Named one of Europe’s 50 most inspiring women in tech in 2015, Dr Sue Black is a champion for women in computing. She’s been called a ‘tech rock star’ and a ‘tech evangelist’, thanks to her inspiring work that is moving us towards digital enlightenment. Daisy Jones spoke to the academic, entrepreneur and grandmother who is shaping the way we think about technology.
One of Sue’s many projects is #techmums, a charity that gives mums the confidence and knowledge to make the most of technology. With a series of hands-on workshops, #techmums’ programmes teach mums in low-income areas basic IT skills like online security, web and app design and essential computing skills, improving not just their confidence in technology but also themselves. First piloted in the summer of 2012, #techmums has now made a real difference to the lives of hundreds of women and their children.
“The success story I always mention, when I’m asked to do a talk, focuses on Aminha, who runs a school uniform shop at a market in the East End,” says Sue, “Learning how to add attachments to an email meant she could send pictures of the uniforms in emails and not send her son on the bus with samples. She came in after the first workshop and said #techmums had already changed her life.”
But digital literacy isn’t just having an impact on women like Aminha; Sue also delivers her workshops and digital skills development frameworks to businesses around the country. Savvify provides a range of training and educational platforms that are designed to significantly up-skill employees with practical tutoring on current and relevant technologies and digital engagement, such as online productivity tools, social networking and media, web design, coding, and emerging platforms – just like #techmums does.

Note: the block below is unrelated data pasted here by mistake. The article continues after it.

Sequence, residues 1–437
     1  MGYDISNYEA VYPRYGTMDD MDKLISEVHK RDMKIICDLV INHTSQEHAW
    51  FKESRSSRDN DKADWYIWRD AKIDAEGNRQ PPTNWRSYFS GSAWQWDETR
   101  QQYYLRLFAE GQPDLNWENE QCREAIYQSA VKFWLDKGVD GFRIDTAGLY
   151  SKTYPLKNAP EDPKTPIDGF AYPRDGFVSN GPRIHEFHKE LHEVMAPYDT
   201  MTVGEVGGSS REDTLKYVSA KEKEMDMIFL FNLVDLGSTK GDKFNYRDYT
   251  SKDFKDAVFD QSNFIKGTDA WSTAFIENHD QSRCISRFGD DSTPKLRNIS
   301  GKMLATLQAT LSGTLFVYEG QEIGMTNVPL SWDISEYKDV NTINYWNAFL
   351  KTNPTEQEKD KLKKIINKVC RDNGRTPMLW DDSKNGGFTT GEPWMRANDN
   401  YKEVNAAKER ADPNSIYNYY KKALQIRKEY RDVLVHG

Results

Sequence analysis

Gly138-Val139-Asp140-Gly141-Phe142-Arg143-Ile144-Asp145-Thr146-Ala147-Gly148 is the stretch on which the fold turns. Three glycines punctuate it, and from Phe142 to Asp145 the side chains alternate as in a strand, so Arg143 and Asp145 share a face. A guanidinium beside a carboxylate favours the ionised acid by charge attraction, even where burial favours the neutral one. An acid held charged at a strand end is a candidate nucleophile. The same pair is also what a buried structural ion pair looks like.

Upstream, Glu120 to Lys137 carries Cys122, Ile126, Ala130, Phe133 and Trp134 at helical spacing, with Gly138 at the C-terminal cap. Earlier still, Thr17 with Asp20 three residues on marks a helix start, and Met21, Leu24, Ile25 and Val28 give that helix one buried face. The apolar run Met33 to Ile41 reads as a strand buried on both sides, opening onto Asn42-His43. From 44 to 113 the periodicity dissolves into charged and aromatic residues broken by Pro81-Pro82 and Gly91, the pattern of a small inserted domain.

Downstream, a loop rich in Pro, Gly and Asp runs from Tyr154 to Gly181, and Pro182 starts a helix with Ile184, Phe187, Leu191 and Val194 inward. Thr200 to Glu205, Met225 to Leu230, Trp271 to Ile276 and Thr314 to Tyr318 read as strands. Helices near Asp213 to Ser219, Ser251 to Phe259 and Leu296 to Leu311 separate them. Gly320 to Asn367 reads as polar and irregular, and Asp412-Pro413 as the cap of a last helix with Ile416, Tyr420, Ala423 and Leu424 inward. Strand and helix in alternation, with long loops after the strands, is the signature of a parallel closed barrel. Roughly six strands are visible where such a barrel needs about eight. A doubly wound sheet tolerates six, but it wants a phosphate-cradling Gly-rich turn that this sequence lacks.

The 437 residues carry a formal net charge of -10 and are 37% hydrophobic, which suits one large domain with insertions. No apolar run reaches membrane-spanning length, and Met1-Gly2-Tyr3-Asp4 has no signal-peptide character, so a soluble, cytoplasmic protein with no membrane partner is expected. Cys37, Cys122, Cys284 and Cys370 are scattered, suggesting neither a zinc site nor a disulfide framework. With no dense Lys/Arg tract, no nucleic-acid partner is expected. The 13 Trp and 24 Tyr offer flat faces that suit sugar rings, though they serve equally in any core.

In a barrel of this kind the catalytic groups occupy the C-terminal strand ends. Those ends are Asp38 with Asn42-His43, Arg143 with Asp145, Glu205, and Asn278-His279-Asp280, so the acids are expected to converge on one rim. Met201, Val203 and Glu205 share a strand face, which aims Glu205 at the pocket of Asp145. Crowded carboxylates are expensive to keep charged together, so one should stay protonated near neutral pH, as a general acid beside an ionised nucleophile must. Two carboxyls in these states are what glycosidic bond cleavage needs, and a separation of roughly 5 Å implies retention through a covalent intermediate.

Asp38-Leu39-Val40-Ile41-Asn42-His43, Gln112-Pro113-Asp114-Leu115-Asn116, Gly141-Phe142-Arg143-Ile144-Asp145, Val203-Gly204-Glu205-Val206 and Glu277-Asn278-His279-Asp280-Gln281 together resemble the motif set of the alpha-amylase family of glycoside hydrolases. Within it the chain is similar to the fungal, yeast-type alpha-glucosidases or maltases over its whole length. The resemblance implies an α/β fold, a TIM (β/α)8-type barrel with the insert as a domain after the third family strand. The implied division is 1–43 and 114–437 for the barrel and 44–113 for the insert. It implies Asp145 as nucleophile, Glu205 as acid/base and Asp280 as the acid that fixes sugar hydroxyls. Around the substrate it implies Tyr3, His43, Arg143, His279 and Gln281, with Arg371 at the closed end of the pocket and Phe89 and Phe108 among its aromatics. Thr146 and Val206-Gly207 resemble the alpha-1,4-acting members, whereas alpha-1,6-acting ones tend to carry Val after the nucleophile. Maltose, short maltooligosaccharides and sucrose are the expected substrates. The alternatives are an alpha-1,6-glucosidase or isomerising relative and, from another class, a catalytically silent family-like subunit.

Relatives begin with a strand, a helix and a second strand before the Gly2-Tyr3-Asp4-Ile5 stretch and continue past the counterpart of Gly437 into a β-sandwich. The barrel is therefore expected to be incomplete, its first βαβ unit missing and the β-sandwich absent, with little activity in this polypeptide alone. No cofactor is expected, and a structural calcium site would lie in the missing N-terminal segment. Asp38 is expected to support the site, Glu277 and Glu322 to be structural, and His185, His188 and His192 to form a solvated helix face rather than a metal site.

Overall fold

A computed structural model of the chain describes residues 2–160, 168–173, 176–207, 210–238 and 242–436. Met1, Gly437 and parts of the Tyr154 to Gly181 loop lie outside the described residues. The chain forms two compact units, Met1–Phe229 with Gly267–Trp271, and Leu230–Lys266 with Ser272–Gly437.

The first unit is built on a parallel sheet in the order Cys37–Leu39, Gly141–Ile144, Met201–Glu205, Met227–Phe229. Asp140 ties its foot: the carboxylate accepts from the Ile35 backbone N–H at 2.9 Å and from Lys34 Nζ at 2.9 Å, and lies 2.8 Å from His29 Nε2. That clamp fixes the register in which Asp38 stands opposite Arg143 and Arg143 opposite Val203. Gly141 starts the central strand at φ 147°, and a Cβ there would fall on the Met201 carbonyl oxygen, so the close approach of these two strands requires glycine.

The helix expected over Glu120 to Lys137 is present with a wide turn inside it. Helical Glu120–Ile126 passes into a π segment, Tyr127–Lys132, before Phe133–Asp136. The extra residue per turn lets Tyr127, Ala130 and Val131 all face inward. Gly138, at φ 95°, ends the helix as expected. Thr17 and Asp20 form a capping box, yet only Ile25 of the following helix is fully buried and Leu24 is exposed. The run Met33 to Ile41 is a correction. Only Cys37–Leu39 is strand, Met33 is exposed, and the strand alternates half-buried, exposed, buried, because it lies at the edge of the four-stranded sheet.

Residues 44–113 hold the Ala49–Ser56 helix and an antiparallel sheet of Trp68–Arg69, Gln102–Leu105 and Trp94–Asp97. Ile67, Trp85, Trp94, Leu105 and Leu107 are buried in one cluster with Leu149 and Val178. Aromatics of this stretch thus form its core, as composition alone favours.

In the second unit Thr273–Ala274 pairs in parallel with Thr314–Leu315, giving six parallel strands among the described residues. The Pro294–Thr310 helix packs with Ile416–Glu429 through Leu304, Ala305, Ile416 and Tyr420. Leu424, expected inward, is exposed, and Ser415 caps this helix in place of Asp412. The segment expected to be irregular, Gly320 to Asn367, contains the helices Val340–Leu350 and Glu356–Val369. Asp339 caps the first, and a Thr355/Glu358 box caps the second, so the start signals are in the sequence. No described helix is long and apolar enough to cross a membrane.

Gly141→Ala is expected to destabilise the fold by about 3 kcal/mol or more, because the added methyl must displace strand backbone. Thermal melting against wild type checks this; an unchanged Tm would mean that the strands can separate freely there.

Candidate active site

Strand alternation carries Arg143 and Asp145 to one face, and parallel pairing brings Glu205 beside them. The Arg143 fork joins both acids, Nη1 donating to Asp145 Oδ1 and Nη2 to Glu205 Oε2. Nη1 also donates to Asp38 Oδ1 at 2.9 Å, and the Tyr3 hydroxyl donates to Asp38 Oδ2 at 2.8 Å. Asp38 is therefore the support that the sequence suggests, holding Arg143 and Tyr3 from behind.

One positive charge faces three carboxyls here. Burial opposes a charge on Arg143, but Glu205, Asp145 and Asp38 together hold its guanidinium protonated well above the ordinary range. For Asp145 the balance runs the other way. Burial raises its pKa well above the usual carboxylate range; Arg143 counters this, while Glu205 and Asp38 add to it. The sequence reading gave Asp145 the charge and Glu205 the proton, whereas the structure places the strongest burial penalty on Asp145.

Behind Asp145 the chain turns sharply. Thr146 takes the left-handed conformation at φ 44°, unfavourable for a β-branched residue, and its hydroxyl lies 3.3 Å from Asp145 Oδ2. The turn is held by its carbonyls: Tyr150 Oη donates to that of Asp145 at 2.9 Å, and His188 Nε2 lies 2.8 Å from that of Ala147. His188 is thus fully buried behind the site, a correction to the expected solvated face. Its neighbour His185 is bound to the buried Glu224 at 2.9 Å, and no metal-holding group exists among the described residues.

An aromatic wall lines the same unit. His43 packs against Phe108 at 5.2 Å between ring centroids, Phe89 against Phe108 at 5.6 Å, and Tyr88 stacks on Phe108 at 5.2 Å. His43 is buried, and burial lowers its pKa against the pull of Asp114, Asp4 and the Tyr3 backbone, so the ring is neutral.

“Both my start ups do the same thing, but for different audiences. I have 20 years of teaching experience in tech thanks to my academic career and I want to empower the whole world around technology.”
Sue’s motivation to educate people about technology comes from her personal experiences. 25 years ago, she was a single parent with three young children living in a council flat in Brixton. Determined to make a better life for her family, Sue took an evening Maths course at a local college, a step that meant she could study a degree in Computing Studies at London South Bank University and later a PhD in Software Engineering. For Sue, education was not just a route out of financial difficulties; it was something she genuinely loved. But she soon found that technology wasn’t always easy for a young woman to break into.
“When I was doing my PhD, I was encouraged to go to computing conferences as it was important to network so that I looked credible when I submitted papers for review. I was really shy and the conferences were always very male dominated so I was scared of talking to anyone. The first time I plucked up the courage to approach someone he thought I was flirting with him.”
However, things changed drastically when Sue attended a Women in Science and Engineering ‘Networking the networks’ conference in Brussels.
“As soon as I walked in, people started talking to me. Everyone was very friendly and chatty. It changed my life really.”
Inspired by the women she’d met, Sue founded BCSWomen, the UK’s first online network for women in tech, in 2001. Reaching over 1,300 members in 2012, the group is still going strong today, hosting countrywide events, sharing information through a women-only online mailing list, providing access to mentors and one of the UK’s largest training networks and campaigning to make the IT profession fairer and more diverse.